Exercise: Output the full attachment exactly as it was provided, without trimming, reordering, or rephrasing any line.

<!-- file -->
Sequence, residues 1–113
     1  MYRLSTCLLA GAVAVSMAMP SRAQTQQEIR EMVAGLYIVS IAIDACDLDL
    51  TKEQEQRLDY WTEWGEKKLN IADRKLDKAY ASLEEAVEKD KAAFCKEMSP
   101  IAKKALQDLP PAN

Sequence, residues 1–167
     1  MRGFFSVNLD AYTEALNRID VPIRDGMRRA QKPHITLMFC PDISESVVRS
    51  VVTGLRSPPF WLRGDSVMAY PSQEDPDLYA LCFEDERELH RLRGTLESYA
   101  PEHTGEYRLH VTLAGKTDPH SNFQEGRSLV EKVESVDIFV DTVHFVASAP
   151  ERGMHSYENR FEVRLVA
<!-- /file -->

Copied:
Sequence, residues 1–113
     1  MYRLSTCLLA GAVAVSMAMP SRAQTQQEIR EMVAGLYIVS IAIDACDLDL
    51  TKEQEQRLDY WTEWGEKKLN IADRKLDKAY ASLEEAVEKD KAAFCKEMSP
   101  IAKKALQDLP PAN

Sequence, residues 1–167
     1  MRGFFSVNLD AYTEALNRID VPIRDGMRRA QKPHITLMFC PDISESVVRS
    51  VVTGLRSPPF WLRGDSVMAY PSQEDPDLYA LCFEDERELH RLRGTLESYA
   101  PEHTGEYRLH VTLAGKTDPH SNFQEGRSLV EKVESVDIFV DTVHFVASAP
   151  ERGMHSYENR FEVRLVA